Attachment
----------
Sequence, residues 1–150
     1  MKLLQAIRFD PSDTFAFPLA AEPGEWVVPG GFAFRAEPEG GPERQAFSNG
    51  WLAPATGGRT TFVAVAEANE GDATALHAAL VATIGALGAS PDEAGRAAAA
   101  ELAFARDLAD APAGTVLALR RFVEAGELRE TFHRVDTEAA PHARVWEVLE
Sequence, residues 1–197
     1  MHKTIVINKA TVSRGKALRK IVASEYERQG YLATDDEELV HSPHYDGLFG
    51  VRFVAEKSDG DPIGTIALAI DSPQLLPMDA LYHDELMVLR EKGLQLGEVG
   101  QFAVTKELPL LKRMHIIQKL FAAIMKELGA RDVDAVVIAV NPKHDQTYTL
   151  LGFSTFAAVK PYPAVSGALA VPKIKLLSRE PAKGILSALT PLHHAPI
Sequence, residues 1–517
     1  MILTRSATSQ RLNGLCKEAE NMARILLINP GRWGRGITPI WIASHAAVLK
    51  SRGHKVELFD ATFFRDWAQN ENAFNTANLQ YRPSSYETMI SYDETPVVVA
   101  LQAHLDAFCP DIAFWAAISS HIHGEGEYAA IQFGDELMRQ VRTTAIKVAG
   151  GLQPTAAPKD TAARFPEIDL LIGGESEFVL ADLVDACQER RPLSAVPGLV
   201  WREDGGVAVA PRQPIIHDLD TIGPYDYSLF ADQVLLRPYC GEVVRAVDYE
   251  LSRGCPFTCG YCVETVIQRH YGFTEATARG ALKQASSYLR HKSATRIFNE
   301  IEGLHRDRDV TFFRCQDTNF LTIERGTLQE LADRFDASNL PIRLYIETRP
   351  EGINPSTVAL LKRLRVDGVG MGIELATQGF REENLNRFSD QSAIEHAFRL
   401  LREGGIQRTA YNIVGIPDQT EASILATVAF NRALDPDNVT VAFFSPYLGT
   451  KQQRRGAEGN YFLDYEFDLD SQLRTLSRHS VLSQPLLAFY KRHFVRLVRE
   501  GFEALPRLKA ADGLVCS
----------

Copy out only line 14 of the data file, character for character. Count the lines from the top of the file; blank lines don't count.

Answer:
   151  GLQPTAAPKD TAARFPEIDL LIGGESEFVL ADLVDACQER RPLSAVPGLV